Next, a second system iterates through all Transforms. If it finds a dirty one, it then looks for a TransformChildren component on that same entity. TransformChildren contains a list of entity ids for entities who have LocalTransforms that specify the current entity as the parent. It looks up Transform components on those entities and sets their dirty bit. It then needs to continue this recursively down the visual hierarchy. If my Transforms were sorted in visual hierarchy (i.e. like a binary tree), I could avoid the recursive propagation.

Finally, there is a system that resolves dirty transforms. This is where the logic lies that computes the values in Transform from the values in LocalTransform and the parent’s Transform.

All of these systems are fairly straightforward and not much code.

Update order

The systems described above run in the order they are described. Of course, it is possible that some system that runs shortly after will then modify a Transform somewhere that causes other child transforms not to be up-to-date. Subsequent systems may then consume these incorrect Transforms. This could also happen with a system that runs before. I don’t think that’s really avoidable though, unless I always keep all transforms up-to-date immediately (which would be a performance problem and would cause code dependencies that I’d rather not have).

TransformChildren

I kind of hastily introduced the TransformChildren component above. For every LocalTransform on an entity, the parent entity needs to have a TransformChildren that has the child entity in its child list. Any changes to one need to be reflected in the other, so you need to be careful about who modifies these components, and ensure both are updated in some atomic fashion. Similarly, for inventory, I have Inventory (on the parent) and InventoryParent (on the child – this specifies the parent to whom’s inventory it belongs).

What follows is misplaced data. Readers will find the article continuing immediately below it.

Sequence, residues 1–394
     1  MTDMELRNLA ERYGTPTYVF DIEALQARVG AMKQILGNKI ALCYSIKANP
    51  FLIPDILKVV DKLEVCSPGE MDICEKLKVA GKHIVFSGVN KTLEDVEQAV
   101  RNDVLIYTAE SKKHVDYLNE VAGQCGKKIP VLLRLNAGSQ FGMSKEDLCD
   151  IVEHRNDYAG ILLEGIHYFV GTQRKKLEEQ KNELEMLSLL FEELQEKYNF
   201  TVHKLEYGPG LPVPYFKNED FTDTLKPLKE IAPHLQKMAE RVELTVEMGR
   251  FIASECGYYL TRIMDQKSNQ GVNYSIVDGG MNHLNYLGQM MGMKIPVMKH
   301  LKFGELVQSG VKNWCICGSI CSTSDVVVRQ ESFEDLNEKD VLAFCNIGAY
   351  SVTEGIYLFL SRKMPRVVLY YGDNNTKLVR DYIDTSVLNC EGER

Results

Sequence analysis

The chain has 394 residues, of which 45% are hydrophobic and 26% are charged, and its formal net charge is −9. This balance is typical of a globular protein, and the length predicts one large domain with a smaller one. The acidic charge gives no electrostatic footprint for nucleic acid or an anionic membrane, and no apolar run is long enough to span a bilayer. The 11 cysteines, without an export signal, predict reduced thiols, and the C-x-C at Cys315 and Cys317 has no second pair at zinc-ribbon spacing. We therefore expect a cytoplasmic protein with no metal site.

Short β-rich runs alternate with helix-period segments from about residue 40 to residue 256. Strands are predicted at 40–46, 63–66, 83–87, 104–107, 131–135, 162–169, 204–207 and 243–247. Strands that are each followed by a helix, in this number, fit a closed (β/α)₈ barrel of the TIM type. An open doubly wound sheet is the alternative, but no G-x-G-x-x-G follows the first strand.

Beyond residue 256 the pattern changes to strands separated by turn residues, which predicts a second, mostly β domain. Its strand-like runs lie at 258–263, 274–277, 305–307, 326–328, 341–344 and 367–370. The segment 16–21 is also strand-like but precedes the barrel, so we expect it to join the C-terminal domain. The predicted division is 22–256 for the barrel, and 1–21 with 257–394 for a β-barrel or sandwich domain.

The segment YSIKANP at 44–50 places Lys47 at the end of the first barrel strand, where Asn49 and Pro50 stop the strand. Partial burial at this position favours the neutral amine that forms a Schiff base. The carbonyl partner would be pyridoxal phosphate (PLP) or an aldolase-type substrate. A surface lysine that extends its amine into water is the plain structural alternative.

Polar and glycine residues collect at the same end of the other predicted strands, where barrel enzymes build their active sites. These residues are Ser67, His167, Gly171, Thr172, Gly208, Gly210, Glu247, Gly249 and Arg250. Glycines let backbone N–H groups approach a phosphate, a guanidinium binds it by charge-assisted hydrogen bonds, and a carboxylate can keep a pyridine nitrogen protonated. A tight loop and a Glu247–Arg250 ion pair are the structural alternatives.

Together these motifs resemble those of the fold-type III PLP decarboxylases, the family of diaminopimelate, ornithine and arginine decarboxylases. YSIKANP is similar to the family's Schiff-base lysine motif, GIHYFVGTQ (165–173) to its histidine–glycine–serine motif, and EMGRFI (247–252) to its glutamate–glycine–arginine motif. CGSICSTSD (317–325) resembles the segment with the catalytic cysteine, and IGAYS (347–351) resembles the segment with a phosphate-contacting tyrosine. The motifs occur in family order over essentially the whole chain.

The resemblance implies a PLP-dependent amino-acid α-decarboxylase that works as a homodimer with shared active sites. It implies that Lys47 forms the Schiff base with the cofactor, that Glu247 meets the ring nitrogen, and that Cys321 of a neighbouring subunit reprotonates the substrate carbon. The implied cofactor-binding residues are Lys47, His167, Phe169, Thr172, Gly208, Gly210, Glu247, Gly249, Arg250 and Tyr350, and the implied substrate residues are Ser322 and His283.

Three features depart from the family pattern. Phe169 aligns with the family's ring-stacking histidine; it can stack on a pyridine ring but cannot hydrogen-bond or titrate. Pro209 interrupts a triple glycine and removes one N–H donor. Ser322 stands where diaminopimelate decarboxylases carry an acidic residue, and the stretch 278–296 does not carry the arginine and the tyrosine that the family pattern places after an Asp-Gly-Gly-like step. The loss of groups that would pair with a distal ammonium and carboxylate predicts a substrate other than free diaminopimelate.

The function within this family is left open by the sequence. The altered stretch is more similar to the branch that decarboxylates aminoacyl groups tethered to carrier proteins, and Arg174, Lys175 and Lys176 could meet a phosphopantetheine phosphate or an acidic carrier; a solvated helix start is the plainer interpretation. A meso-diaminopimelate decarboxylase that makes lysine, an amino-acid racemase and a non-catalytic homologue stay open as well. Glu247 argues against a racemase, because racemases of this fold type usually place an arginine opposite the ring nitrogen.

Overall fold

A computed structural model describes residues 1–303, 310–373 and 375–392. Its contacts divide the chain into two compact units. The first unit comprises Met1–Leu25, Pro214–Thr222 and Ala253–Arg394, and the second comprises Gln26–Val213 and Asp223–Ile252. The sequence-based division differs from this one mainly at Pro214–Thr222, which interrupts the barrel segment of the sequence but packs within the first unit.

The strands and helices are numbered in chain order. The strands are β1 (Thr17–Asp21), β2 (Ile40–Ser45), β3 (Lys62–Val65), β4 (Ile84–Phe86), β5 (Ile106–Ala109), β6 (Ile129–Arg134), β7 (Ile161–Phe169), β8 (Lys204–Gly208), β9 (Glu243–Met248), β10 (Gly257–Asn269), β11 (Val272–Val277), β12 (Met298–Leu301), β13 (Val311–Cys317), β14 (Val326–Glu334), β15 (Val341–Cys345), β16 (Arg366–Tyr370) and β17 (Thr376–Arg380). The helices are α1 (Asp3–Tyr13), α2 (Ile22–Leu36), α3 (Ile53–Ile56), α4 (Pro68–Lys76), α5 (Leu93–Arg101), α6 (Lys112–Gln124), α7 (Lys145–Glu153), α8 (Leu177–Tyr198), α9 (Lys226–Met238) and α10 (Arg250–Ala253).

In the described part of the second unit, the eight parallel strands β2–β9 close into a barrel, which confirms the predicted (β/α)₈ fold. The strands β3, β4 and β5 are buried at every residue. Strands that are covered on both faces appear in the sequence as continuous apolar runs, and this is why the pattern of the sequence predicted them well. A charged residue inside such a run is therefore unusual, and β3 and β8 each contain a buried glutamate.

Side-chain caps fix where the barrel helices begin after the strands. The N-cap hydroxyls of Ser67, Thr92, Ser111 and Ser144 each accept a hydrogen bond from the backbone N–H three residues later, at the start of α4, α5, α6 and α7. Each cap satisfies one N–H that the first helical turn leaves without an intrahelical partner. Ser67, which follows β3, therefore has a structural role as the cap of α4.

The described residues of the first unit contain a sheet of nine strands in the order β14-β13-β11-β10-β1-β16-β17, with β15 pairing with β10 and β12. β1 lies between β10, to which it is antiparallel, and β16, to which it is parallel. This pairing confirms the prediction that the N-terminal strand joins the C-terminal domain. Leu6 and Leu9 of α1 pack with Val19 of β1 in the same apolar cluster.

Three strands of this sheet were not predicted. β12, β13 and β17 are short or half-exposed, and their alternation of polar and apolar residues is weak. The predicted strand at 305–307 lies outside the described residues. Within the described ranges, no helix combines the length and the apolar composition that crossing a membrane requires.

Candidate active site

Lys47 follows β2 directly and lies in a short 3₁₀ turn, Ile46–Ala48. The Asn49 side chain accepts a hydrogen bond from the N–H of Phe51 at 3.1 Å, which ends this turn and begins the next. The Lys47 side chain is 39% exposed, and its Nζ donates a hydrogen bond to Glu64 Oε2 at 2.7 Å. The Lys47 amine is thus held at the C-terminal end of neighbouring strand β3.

Ideally I wouldn’t even need TransformChildren (or Inventory). This is essentially duplicated state. The needed information is contain wholly in the child entities’ components. But getting whe needed is not convenient. In fact, the only place TransformChildren is really needed is in the system that propagates dirty transforms. If I didn’t need this dirty state propagation, I could probably do without TransformChildren. So that’s something I might look into.

This is all still fairly theoretical at the moment, I need more game scenarios implemented to see how things fall out.

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Ambient occlusion for dynamic objects

In this previous post, I described how I implemented a primitive form of ambient occlusion for static objects. The gist of it is that I perform an offline rendering step that creates a texture describing the occlusion at each point in the world, at various heights above the terrain.

The thing lacking here is occlusion for moving objects such as the player or other NPCs. Here’s an example under cloudy skies (no directional light):

 

The character and the ground are muddled together. Contrast that to the static rock in the background, which "casts" an occlusion area around it.

The character and the ground are muddled together and it looks like the man is floating. Contrast that to the static rock in the background, which “casts” an occlusion area around it and appears more “grounded”.

 

My offline-generated static occlusion map is (currently) a large 1024 x 1024 texture. To accomplish occlusion for dynamic objects, I need to add their occlusion effect into that texture each frame.

What I actually do is create a much smaller occlusion map (at runtime) that just covers the area seen by the camera. Each frame, we first copy the relevant portion of the static occlusion map into this much smaller runtime occlusion map. Then, we blend in the occlusion effect of dynamic objects. Then we use this texture in our ambient lighting term, instead of the original large static occlusion map. There is obviously an extra performance cost, but it is negligible.

The effect is subtle (as it should be), but now our character appears much more “grounded”:

 

CharacterWithAO

 

Currently the dynamic occlusion is just a circular disc with a size and strength, but I could change it to other shapes if I needed. I made an Occluder component which can be added to any entity to cause it to “generate occlusion”.